Let me preface by saying my kids are good at church.
He's 6 - that's still young.
I have to admit that I will actually *use* the # of songs left to pacify my 2 yo DS.
Ann, married to my best friend since June 5, 1999
Happy Mom to 4 boys: Phillip (9/00), Kevin (5/02), Matthew (10/03) and Jonathan (7/06). And 1 Girl
My DS did the same thing, and after he got a sense of what happened *between* the songs, it actually cut back on the question of "how much longer?"
After that, he went through a phase of looking ahead at all the songs we were going to sing. He's 8 now, and he does just fine in church (most of the time!), if you measure it by "how much does he disturb other people." If you measure it by "how much does he care about what's going on," the answer is probably not much, but I can only do so much.
My son is almost 8 now, but he used to do this too. It took us a while, but we finally figured out that the best way to get him to stop asking was to divert his attention. Each week we would find something new for him to count. One week, we asked him to count how many times we kneel|stand|sit. Another week it was how many "Amen"s are said during the mass. Then we asked him to count how many readings there are in a mass. The next week we would review and start asking him if he listened to the stories (readings) and could maybe remember someone's name from the story.
Point is, keep encouraging him to pay attention. Maybe give him a notebook where he can tally everything he is counting. This is a great way for him to start listening to the mass, not just attending it. I think it is wonderful when kids are interested, and those sitting around you watching and listening to him should agree.
Jeanne, I spent most of my childhood counting songs. My kids do it too. I wouldn't worry about it. If the asking disturbs those around you, just give him a hand signal before every song before he has a chance to ask.
At Easter, I have the kids count the alleluias. It makes them listen closely -- though they usually lose track around 25 or so.
Recently, I've started car quizzes -- a quarter or so for every right answer to questions I ask about the readings, songs, etc. Since I've started doing this, I've been surprised at how much they do pick up when I think they're not paying attention. Funny thing is, I never pay out, and they don't seem to care!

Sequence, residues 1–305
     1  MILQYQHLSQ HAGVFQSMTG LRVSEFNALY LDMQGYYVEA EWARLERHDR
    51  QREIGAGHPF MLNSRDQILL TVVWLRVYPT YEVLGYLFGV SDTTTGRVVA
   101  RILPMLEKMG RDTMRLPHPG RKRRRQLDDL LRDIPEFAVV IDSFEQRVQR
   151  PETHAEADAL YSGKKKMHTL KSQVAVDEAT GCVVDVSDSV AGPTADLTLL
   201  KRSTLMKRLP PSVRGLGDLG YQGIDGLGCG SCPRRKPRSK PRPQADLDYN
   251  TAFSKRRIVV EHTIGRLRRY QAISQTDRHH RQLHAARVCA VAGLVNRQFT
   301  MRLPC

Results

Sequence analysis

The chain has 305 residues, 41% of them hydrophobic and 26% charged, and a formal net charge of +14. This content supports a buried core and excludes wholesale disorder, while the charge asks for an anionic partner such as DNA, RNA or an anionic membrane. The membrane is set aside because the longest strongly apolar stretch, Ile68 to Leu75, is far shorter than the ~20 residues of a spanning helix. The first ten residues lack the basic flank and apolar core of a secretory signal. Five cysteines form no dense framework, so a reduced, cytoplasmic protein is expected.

It is amazing how much they're listening to when you think they're not, right? Two of my three kids are masters of the "blank face" where you think nothing is getting through. But yesterday on the way home from church, 8yo DS announced that he is giving up his video games for Lent because they are his favorite thing. So even though he was being silly as usual during the homily, he obviously was listening to our pastor speak!
Awwww....and I'm so proud of Kelly's 8 yr old ds - because he's also my dh and I's godson!!!!
I actually think that's a great way to keep him occupied and at least semi-focused on one thing that is going on---the music!! My girls are 5, and they pay absolutely no attention whatsoever, with the exception of the fact that we have them kneel down and say "Hi" to Jesus when we first get there, kneeling at the Consecration and genuflecting to Jesus in the Tabernacle at the end. Usually they are busy drawing (Yes, we let them), looking through picture books or emptying my husband's jacket pockets (Tessa this past Sunday, LOL). I am just happy they are no longer disruptive.
I do make all my kids kneel down for the Consecration. I've told them this is the holiest part of the Mass, and they need to listen to the priest at the altar, open their hearts to the Holy Spirit, and pay attention. This has also caused my girls to whisper "When can we sit up again?" sometimes too, LOL.
I will begin having them focus more and more as they get older. Justin is in second grade now, and preparing for his First Communion, so I make him focus more. It's still a battle! Let's face it---most of the Mass is over the kids' heads as far as the prayers, reading and homily is concerned.
Paying attention takes a while, focusing takes even more discipline, and understanding takes a lifetime :)